The data further confirms the substantial anti-inflammatory and reparative properties of MultiStem cells, which could be important in treating multiple central nervous system disease conditions, including TBI as well as ischemic stroke and spinal cord injury.

As further evidence of this, data from a preclinical study demonstrating the potential benefits of MultiStem therapy to treat spinal cord injury, or SCI, was presented at the Society for Neuroscience Annual Meeting in New Orleans in mid-October. In a preclinical model of spinal cord injury, researchers observed intravenous administration of MultiStem cells, one day after injury, results in accelerated recovery, significant and durable improvements in gross locomotor and fine motor skills compared to vehicle-treated animals over the 10-week evaluation period, as well as significant improvement in bladder function.

These and other results suggest that a noninvasive off-the-shelf cell therapy such as MultiStem, administered intravenously in a clinically practical timeframe following injury, may have the potential to provide substantial and meaningful benefits to patients.

They build on data published previously in the Journal of Neuroscience, demonstrating that this cell therapy reduces inflammation in the region of injury and also promotes the regrowth of neurons at the site of injury.

The findings of these 3 preclinical studies add to a growing body of data supporting our belief that MultiStem may have relevance to multiple forms of acute or chronic neurological injury and disease.

We look forward to further increasing our understanding of the distinct mechanisms by which MultiStem conveys benefits, including reducing inflammatory damage, protecting at-risk tissue at the site of injury and through direct neurotrophic effects that stimulate the recovery of damaged neurons in the future.

We remain engaged in active discussions and diligence activities with multiple companies regarding potential partnerships and collaborations including for a 5HT2c agonist program for the treatment of obesity, schizophrenia, or both and for the development of MultiStem for certain indications.

We intend to enter into one or more business partnerships to advance these programs and establishing the right partnerships for our various programs as a key priority for the company.

To support our ongoing development and partnering activities, we successfully completed an equity offering during the fourth quarter of 2012.

Through this transaction, as B.J. described, we generated net proceeds of $21.2 million including the execution of the underwriters over allotment option from the sale of common stock to new and existing investors. The financing puts us in a strong financial position to achieve important clinical development and business milestones, and strengthens our position in Business Development negotiations.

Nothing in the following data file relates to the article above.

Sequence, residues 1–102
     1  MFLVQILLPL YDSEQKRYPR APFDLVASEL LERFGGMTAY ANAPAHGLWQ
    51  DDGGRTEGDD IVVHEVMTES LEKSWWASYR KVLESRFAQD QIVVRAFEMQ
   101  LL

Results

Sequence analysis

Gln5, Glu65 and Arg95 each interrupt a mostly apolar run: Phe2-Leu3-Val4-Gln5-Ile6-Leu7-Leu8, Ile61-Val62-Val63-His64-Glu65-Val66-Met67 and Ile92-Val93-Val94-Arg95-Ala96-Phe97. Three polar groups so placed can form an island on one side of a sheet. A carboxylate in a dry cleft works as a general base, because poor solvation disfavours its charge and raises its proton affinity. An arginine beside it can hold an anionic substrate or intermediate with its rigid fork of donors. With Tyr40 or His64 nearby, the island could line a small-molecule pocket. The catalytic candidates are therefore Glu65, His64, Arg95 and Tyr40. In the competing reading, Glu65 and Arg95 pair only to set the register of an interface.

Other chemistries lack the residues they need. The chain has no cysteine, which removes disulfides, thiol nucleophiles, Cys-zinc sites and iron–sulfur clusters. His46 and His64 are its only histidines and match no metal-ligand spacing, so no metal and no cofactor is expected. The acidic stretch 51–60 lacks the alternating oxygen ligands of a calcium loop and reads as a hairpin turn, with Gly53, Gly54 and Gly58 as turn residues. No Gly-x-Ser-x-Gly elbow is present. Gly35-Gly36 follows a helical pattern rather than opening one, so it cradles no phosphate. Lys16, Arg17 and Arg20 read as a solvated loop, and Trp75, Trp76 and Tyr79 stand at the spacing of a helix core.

Finally, we received a few accolades during the fourth quarter. Our subsidiary, ReGenesys BVBA received the BioProcess International Award for the Technical Application of the Decade in Manufacturing for its work involving advancement of an automated bioreactor systems for the production of MultiStem.

Also, Athersys was named to Deloitte's Technology Fast 500 for the second consecutive year. Our revenue growth of 217% during this period placed us at 351st in the listing well above our ranking of 488 in the prior year.

In closing, we continue to execute our business model: Advancing multiple clinical and preclinical programs evaluating MultiStem for diverse indications in treating neurological conditions, inflammatory and immune disorders and cardiovascular disease while pursuing attractive partnering opportunities. We look forward to keeping you updated on our further progress and to announcing specific events as circumstances warrant.

With that, we welcome your questions.

Question-and-Answer Session

Operator

[Operator Instructions] Your first question comes from the line of Ed Tenthoff with Piper Jaffray.

Edward A. Tenthoff - Piper Jaffray Companies, Research Division

Gil, perhaps you can give us a little bit more insight into some of the interesting work that you've been doing with respect to MultiStem and some of the neurological efforts. Towards the end of last year, you guys started to indicate some of the progress that you were making with some of the interest in preclinical work and you touched on some of that this year earlier in your comments. How should we be looking for that to progress? Obviously, there's a lot of things on your plate, a lot of clinical trials ongoing, but how do you expect to maximize the value from some of these neurological potential indications?